Verve Magazine, Scapes, November 2010

Quiet, clean environs and tree-lined avenues…old-world bungalows and landscaped condos…swanky wheels and round-the-clock security…. Verve stops by at the luxe locales of Mumbai, New Delhi, Chennai and Kolkata

The pecking order

Old money, sky-rise penthouses, the crème de la crème of Mumbai’s business society, South Mumbai has it all….

Despite the scoffing at the incessant comparisons between the pulse of South Mumbai and Manhattan, there is something that runs as a common thread: a social hierarchy. SoBo (acronym for South Mumbai – are you snickering?) packs the crème de la crème of Mumbai’s business society (the filmi kind are found largely in the suburban elite areas). Wrapped around the country’s financial district, it is all about old money – and while SoBo represents old wealth in its bungalows, sky-rise penthouses and grossly overpriced sardine-can apartments, there is a very specific pecking order which is linked to the part of ‘town’ that you live in.

Malabar Hill is the premium territory, where flats can go for over a lakh per square foot. The original area of moneyed settlers, where the prongs spread to the classy sea-hugging stretch of Nepean Sea Road, on one foothill of the Hill, filled with a mix of wealthy Gujaratis, Marwaris and a smattering of an eclectic crowd, peppered with prestigious government bungalows (think helipads). On the other side facing the Queen’s Necklace, Walkeshwar is predominated by older settlements of traditional Gujarati business families, where the Walkeshwar Temple and Banganga Tank date to the 10th and 12th century respectively and the older dilapidated buildings are rapidly being replaced by spanking new ones. This is the area of pure vegetarian food, Italian marble in homes, diamonds on the neck, and an uneasy transition to a cosmopolitan outlook on life.

In sharp contrast are Cuffe Parade and Nariman Point, reclaimed and developed in the ‘60s. Consisting of a hugely cosmopolitan lot, there is a racy headiness associated with what is known as the ‘Cuffe crowd’. There is a mix of old and new money in this area. The youth of the Hill and Cuffe do not mix until they reach the dating stage – when it’s a grudging marriage of two important areas of geography, except among the more conservative families who can’t quite digest the categorical transition away from home ground.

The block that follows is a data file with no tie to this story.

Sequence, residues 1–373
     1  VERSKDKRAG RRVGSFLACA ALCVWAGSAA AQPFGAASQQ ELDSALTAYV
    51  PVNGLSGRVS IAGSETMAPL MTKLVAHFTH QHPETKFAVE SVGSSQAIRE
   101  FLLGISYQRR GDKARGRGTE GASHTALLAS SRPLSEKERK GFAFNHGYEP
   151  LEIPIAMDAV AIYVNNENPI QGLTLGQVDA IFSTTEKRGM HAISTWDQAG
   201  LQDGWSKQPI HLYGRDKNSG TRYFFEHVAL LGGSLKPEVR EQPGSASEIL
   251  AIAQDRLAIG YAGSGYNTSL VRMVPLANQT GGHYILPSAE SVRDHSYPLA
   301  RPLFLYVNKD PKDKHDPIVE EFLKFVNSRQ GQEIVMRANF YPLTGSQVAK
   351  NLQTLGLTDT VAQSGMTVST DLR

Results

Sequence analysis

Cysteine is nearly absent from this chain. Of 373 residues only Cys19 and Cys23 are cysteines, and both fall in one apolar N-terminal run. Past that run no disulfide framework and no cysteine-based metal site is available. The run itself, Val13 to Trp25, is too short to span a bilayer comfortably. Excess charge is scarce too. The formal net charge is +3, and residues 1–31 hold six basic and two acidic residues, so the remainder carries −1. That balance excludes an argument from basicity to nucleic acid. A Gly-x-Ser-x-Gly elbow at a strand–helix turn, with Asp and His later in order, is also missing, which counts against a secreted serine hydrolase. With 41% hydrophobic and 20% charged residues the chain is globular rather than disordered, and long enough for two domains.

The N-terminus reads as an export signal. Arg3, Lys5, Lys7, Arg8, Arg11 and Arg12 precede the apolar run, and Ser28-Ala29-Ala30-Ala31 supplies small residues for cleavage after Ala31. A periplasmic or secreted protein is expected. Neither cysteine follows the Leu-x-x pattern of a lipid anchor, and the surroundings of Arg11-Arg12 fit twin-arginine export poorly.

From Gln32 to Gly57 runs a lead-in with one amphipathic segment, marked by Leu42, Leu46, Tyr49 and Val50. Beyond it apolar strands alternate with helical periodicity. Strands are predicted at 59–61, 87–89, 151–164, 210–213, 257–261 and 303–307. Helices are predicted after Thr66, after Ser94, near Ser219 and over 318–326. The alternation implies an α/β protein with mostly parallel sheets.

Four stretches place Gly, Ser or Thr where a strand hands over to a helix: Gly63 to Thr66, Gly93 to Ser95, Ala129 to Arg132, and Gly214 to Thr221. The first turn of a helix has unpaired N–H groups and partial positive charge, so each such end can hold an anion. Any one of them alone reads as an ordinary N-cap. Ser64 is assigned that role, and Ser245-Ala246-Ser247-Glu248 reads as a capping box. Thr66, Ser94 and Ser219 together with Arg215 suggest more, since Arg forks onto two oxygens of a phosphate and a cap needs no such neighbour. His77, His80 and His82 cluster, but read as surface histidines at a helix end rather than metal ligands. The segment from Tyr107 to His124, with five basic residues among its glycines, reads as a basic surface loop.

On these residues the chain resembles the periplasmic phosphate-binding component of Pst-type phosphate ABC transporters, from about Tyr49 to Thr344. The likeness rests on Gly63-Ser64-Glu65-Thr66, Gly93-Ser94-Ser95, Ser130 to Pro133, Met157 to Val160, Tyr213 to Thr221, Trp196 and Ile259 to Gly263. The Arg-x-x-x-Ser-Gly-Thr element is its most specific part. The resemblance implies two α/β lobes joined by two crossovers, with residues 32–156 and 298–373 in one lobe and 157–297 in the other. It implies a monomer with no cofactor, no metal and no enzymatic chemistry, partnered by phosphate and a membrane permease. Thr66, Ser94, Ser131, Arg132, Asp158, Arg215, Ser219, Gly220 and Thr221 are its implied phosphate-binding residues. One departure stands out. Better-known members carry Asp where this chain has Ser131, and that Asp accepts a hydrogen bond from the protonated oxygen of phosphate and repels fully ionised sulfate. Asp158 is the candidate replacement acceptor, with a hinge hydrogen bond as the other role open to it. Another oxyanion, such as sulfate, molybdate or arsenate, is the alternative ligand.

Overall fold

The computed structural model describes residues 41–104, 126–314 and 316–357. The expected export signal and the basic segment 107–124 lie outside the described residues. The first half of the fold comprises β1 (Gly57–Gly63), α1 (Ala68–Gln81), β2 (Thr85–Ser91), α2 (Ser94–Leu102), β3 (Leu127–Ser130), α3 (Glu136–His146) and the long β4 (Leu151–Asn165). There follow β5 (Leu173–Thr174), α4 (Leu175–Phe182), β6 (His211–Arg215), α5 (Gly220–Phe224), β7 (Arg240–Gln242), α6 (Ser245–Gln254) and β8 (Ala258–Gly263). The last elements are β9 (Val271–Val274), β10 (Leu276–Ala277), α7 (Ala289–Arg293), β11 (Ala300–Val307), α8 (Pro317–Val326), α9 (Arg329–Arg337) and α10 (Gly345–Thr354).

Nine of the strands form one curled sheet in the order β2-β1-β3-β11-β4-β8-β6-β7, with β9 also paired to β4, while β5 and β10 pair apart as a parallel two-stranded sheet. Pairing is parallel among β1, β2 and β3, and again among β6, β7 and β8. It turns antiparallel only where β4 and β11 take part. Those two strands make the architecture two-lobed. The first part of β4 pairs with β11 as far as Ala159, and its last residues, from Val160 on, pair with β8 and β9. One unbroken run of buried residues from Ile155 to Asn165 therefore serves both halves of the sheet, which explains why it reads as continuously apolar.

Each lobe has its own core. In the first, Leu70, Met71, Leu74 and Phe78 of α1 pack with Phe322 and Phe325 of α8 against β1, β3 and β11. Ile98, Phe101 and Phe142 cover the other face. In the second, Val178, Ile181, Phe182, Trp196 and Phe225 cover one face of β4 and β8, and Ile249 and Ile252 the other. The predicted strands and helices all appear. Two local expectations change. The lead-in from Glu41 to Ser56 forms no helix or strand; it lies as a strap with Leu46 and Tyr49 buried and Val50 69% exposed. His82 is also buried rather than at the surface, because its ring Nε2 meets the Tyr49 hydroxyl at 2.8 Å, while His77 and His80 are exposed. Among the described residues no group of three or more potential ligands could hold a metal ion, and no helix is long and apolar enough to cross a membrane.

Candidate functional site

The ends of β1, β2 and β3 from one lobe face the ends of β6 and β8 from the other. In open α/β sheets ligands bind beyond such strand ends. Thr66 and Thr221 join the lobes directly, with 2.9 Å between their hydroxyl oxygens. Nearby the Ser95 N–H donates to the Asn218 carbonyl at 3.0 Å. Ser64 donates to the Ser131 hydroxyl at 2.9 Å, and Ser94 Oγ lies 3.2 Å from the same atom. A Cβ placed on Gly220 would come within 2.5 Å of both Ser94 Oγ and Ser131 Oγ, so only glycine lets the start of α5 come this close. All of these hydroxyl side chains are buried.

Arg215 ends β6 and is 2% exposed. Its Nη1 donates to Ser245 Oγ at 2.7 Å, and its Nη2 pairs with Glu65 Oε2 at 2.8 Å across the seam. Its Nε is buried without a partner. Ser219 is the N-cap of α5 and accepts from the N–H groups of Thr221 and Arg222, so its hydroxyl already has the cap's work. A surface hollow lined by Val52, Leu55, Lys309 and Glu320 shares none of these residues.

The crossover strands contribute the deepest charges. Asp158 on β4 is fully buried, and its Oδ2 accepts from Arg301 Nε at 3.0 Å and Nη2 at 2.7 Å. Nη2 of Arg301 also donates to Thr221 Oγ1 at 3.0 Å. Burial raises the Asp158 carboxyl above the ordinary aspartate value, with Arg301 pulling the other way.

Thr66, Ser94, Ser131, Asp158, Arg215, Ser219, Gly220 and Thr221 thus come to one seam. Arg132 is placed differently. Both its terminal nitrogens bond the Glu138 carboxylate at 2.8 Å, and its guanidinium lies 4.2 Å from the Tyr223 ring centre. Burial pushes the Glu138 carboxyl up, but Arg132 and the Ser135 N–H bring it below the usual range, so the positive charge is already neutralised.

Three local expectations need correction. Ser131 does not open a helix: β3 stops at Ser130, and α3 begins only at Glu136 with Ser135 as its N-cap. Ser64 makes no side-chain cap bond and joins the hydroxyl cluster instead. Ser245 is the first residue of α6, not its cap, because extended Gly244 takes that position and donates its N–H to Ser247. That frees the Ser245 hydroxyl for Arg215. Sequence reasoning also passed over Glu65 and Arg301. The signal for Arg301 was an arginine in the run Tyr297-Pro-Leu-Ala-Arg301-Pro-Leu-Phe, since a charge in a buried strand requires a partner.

Altamount Road and Carmichael Road form the other major Hill area, dominated by a quieter moneyed crowd, the sprawling bungalows and buildings interspersed with consular settlements. Possibly the only thing bringing down its stock is the lack of SoBo’s trump card – a sea view. Walking up and down this tree-lined avenue is all about getting noticed – whether you’re in a Lamborghini or outside one. Incidentally, this is where the older Ambani brother has chosen to build his towering monument of success.

While the by-lanes of Breach Candy and Pedder Road house many affluent families, you would find their own little nesting areas of the youth – like Scandal Point of yore or the Sophia College Lane. Breach Candy forms an extension of Nepean Sea Road, hugging the same stretch of sea.

Worli Sea Face doesn’t quite make it to the cream of SoBo residential areas, despite rapidly being replaced as the area of new money by the rather nouveau riche Lower Parel. Its microcosmic world of the sea face walk and spacious houses boasts a mixed crowd that is probably losing grace due to its proximity to the suburbs.

Marine Drive – facing the famed Queen’s Necklace – is all about a time of art deco and a sense of nostalgia. With airy flats lined in a grid leading off the main sea-way, Marine Drive still continues to host a majority of its original settlers. Their claim to fame is the walk/jogging community on the Drive, crowded and in view of the entire office-going traffic.